A unit of Halliburton Co. on Thursday agreed to plead guilty to one misdemeanor count of destroying evidence in connection with the April 2010 Macondo well blowout in the deepwater Gulf of Mexico, the U.S. Department of Justice (DOJ) said. The settlement is subject to district court approval.
The oilfield services giant is to pay the maximum-available statutory fine of $200,000 and be on probation for three years. The destruction of evidence count settlement was filed Thursday in U.S. District Court for the Eastern District of Louisiana, which is handling most of the Macondo-related litigation.
Halliburton Energy Services signed the guilty plea agreement admitted to criminal conduct. The settlement includes an agreement for Halliburton to continue to cooperate in the government’s ongoing criminal investigation. Halliburton also issued its 2Q2013 report last week (see related story).
The charges were based on an internal technical review after the well blowout by Halliburton, which designed and built the Macondo well’s cement casing for BP plc, which operated the well. The blowout caused a fire on the Deepwater Horizon drilling platform that killed 11 workers. The oil spill from the blowout was the largest in U.S. history.
On May 3, 2010, “Halliburton established an internal working group to examine the Macondo well blowout, including whether the number of centralizers used on the final production casing could have contributed to the blowout,” DOJ said.
A production casing is a long, heavy metal pipe set across the area of the oil and natural gas reservoir. Centralizers are protruding metal collars attached at various intervals on the outside of the casing. Using centralizers helps to keep the casing centered in the wellbore away from the surrounding walls as it is lowered and placed in the well. Centralization is considered significant to the quality of subsequent cementing around the bottom of the casing.
Prior to the blowout, DOJ said, “Halliburton had recommended to BP the use of 21 centralizers in the Macondo well. BP opted to use six centralizers instead.” Following the blowout, Halliburton conducted a post-incident examination of the well. Its cementing technology director directed the senior program manager for the cement product line to run two computer simulations of the final cementing job on the well the company’s using Displace 3-D simulation program, which compared the impact of using six versus 21 centralizers.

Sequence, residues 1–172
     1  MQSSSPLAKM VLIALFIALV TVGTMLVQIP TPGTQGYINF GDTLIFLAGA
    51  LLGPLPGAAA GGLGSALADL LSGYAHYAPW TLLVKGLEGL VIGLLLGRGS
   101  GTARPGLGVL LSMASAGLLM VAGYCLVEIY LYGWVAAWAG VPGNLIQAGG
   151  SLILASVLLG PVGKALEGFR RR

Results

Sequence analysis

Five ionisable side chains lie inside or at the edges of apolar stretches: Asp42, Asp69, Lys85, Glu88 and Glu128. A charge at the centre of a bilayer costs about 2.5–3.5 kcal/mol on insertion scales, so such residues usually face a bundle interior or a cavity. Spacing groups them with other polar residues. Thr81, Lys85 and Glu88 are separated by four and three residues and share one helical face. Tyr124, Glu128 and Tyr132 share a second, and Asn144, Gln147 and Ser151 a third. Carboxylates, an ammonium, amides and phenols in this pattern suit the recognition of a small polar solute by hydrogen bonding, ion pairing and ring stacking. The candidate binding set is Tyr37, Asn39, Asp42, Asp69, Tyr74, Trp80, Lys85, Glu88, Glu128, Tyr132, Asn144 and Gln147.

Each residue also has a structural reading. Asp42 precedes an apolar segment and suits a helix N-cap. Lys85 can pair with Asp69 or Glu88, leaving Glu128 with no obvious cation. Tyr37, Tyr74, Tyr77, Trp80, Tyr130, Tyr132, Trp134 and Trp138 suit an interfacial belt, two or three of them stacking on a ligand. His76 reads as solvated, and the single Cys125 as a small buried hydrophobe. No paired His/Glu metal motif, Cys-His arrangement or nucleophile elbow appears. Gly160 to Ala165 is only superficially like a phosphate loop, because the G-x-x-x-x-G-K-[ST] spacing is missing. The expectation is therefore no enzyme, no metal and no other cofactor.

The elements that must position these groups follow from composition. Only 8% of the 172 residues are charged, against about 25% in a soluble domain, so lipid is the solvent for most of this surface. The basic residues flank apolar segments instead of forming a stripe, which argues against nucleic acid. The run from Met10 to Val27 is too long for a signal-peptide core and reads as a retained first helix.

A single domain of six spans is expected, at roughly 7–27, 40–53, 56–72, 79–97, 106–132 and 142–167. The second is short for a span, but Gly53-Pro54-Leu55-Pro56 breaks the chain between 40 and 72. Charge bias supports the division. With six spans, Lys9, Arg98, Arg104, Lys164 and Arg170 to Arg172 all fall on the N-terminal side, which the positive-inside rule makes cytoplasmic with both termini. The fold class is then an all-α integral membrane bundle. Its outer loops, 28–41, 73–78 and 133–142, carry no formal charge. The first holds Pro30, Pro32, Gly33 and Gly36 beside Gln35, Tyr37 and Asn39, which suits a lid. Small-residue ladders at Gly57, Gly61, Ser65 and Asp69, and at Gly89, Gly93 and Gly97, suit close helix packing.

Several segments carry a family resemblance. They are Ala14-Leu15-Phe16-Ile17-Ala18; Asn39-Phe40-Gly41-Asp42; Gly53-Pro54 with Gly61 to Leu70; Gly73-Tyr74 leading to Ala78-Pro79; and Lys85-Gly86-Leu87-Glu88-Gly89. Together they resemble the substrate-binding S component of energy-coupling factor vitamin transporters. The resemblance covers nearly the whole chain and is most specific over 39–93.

“These simulations indicated that there was little difference between using six and 21 centralizers,” DOJ said. The program manager then “was directed to, and did, destroy these results.” Halliburton destroyed similar evidence in June 2010, it said. The cementing technology director “asked another, more experienced, employee (Employee 1) to run simulations again comparing six versus 21 centralizers. Employee 1 reached the same conclusion and, like program manager before him, was then directed to ‘get rid of’ the simulations.” Efforts proved unsuccessful to forensically recover the computer simulations during the ensuing criminal investigation by the Deepwater Horizon Task Force.
“The Department of Justice has agreed that it will not pursue further criminal prosecution of the company or its subsidiaries for any conduct relating to or arising out of the Macondo well incident,” Halliburton said. The DOJ “acknowledged the company’s significant and valuable cooperation during the course of its investigation, and the company has agreed to continue to cooperate…in any ongoing investigation related to or arising from the incident.”
Separately, Halliburton donated $55 million to the National Fish and Wildlife Foundation, which DOJ said “was not conditioned on the court’s acceptance of its plea agreement.”
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